A century ago, when Roosevelt challenged Woodrow Wilson in 2012, he formed a new party. The Progressive Party — often referred to as the Bull-Moose Party — ran on a platform rejecting partisanship and promoting the people’s right to appeal legislative action. Founding editor of The New Republic, Herbet Croly, wrote at the time: “Increasing direct popular political action is coming to have a function in the political organization of a modern society, because only in this way can the nation again become a master in its own house.” He described the necessary expansion of citizens’ direct democratic rights to assert control over legislative decisions, saying that it was necessary for the state’s “purpose of keeping control of the increasingly numerous and increasingly powerful agencies of its own life.”
If Alaskans’ deteriorating trust in representative government wanes to a degree in which they are no longer willing to try and reform via replacing elected representatives, this year’s election might point them in a new direction. The success of the three statewide ballot initiatives shows how dedicated groups can forgo the legislature and advocate policies that pluralities can agree on. With plebiscite serving as a ready vehicle, combined with the abomination we call campaign finance, amplified by technology and fueled by the increased generational distrust of political institutions, Alaska could develop a kind of Kickstarter government.
A social ill is identified; be it the prohibition of marijuana, stagnant wages, or Pebble Mine. If the issue has a constituency, the state’s provisions set a low bar to get it onto a statewide ballot — just ten percent of the last general election’s voter turnout. If the issue is popular it will be well funded and organized. And if it is passed, the elected officials in the Alaska State Legislature are constitutionally barred from substantially changing it for two years.
It’s a public process carried out independent of the institutions perceived to be failing to translate populism into policy. It can be used by Republicans to pass controversial policy that a good portion of their base supports (think marijuana) but they don’t want to attach their name or party to. For Democrats, it can be used for populist policies embraced by the bulk of society, but which would never be given serious consideration in the state legislature (the House and Senate Majorities haven’t exactly been receptive to proposals offered by the minority).
The fears of Americans in the early 20th century — the claims that partisan machinery had figured out a way to rig political institutions, rendering the people powerless, were absolutely valid. And they are equally valid today. The response, then, to overreach and corruption was to reclaim republican principles and democratize the system of redress so that it would be accessible by the people. This year, Alaska looked a bit like a resurgent Bull-Moose Party. And should the legislature prove unresponsive to constituents’ needs, this year’s successful initiatives will likely inspire increased calls for more.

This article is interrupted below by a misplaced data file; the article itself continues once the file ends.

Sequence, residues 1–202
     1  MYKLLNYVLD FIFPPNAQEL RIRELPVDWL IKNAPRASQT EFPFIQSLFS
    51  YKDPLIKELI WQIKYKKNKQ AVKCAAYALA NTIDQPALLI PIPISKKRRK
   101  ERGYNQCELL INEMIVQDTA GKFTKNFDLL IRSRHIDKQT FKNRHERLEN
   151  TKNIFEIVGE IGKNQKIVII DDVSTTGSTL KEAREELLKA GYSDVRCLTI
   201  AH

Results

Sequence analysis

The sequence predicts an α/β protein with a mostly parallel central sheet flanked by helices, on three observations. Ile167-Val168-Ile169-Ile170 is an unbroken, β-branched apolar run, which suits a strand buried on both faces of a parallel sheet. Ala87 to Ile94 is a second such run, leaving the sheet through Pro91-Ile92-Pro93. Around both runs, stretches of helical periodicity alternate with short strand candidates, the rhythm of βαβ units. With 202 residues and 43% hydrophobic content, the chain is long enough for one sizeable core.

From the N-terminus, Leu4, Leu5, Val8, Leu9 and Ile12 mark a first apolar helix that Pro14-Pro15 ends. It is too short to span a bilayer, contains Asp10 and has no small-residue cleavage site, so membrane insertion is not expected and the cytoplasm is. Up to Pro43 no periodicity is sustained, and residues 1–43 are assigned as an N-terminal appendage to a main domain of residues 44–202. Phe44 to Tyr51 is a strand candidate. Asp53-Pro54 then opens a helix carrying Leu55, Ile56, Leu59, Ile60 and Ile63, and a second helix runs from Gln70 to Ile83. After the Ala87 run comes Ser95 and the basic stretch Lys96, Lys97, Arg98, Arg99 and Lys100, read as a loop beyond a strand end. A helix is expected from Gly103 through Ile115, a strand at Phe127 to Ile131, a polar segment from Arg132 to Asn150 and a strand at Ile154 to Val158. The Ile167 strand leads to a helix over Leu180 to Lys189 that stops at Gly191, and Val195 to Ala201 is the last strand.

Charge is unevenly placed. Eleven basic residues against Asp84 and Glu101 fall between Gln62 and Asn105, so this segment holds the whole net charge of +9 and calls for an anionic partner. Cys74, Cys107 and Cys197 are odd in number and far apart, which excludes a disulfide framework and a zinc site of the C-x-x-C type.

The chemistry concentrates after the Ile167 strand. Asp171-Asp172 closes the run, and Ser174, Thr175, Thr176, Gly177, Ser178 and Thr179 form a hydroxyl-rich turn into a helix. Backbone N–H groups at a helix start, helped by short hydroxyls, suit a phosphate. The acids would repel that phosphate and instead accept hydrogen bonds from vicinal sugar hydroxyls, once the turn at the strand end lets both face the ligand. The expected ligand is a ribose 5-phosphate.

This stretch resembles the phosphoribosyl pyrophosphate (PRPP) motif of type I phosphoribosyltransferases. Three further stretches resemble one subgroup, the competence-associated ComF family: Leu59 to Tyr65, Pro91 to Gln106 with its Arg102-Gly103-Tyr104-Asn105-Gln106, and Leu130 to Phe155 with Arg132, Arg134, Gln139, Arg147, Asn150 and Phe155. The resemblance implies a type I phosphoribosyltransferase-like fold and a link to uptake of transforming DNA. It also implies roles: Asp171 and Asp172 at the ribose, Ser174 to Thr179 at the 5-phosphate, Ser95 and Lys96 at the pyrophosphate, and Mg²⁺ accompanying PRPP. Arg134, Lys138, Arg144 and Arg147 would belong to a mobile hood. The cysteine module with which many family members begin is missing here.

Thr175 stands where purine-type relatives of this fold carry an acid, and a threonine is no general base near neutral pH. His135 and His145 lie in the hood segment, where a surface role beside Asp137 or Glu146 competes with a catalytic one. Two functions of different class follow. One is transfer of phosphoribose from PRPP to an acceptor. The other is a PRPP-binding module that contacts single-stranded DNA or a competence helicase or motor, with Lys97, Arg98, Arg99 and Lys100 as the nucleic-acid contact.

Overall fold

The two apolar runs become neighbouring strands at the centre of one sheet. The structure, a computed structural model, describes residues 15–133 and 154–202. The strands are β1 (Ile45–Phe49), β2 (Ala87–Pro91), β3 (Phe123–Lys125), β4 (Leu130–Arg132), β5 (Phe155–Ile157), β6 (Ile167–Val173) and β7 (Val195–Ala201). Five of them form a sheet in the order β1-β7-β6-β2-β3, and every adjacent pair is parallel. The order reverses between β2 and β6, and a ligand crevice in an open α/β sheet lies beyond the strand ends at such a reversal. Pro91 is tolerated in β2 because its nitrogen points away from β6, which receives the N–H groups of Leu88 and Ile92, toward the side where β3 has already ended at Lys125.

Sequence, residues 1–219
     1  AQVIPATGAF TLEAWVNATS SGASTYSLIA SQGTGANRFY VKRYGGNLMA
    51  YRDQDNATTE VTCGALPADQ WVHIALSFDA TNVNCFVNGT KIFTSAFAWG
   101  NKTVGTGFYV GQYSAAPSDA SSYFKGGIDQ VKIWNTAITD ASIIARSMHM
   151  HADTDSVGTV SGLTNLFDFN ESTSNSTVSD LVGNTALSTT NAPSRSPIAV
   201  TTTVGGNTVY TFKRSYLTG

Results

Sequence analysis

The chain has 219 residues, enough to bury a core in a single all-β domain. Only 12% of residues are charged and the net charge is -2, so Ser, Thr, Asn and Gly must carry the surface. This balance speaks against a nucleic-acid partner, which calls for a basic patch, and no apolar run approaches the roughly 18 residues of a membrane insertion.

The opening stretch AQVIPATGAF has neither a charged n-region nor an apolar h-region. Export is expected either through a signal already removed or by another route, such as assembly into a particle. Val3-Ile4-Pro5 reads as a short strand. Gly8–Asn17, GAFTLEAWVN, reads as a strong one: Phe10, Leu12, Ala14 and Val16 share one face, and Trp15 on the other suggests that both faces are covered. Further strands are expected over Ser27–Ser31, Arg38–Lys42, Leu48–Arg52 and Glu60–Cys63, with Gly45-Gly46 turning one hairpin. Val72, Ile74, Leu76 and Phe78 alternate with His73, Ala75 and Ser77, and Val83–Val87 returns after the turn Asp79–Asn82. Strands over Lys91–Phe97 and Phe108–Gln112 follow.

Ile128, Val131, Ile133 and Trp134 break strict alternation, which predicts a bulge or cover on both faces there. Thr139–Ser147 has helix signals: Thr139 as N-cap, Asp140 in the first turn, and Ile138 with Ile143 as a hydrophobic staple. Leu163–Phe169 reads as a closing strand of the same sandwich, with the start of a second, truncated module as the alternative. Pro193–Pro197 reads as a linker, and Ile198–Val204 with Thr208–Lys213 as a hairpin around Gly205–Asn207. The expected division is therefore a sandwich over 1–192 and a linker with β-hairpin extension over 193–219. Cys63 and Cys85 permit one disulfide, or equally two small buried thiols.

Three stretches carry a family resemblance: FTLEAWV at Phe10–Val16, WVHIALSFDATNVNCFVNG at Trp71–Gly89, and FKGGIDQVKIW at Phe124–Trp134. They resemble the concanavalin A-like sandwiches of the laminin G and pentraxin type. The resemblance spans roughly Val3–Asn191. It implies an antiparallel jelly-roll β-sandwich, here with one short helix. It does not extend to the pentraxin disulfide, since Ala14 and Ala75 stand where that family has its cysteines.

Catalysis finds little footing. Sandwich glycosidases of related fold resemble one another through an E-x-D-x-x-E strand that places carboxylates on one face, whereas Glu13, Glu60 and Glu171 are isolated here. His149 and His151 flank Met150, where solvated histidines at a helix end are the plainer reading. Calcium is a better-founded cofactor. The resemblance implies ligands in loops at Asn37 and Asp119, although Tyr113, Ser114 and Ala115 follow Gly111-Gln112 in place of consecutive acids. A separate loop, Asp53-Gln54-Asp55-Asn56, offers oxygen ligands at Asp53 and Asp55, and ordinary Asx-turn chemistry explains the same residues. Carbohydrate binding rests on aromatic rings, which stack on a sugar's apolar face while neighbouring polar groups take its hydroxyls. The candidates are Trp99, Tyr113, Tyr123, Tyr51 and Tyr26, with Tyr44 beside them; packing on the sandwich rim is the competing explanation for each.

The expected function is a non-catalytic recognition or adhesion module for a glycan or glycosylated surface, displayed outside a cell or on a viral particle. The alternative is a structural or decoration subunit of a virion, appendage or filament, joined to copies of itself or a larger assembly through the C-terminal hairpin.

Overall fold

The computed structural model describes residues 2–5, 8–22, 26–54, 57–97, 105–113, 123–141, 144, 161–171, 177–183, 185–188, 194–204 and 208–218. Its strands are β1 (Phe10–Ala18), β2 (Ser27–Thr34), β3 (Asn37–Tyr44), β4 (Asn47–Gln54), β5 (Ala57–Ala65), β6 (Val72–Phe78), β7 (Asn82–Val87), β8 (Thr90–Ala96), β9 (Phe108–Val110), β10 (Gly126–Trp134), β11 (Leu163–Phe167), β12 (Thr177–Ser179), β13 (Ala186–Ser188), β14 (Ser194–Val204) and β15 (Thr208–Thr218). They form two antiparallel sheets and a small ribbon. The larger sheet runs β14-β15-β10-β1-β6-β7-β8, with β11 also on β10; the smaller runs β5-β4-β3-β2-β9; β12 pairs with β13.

Obviously, the initiative process comes with a lot of risks. Representative government is supposed to serve as a safeguard in times where the public is passionate, angry, or manipulated.
In California, for instance, special interests have figured out a way to exploit the system. The state requires just 500,000 signatures from a population of 38 million. That makes it relatively easy for groups with a lot of dispensable cash to craft, organize, and pass self-serving legislation. The average citizen, for whom the initiative process was designed to elevate, is often suppressed. One could argue that the oil companies played that strategy during the summer’s primary over oil tax policy.
Tenets of plebiscite vote also will inevitably result in a partisan arms race, with each party seeking to stack the deck with issues aimed at increasing voter turnout on their side of the aisle.
Finally, the popular vote is most dangerous when weaponized against minorities. Alaskans empowered the greatest abuse of majority rule when voters passed a ban on marriage equality in 1998. That mistake was ultimately adjudicated by Alaskans’ courts, which remain the most crucial check and balance to the will of the people and government alike. But it took a painful while.
Should the frequency of ballot initiatives and referendums rise, the already present and partisan calls to politicize the judiciary will follow suit.
There are few easy answers. But should gridlock continue, and should the legislature in Juneau over-or-under reach, it’s likely that Alaskans will begin using direct democratic tools with much greater frequency. This past election has shown how it can work where representative government fails.
Woodrow Wilson, when campaigning against Roosevelt in 1912, summarized:
If we felt we had genuine representative government in our state legislatures, no one would propose the initiative and the referendum in the United States.
But that is, very much, not where we are right now.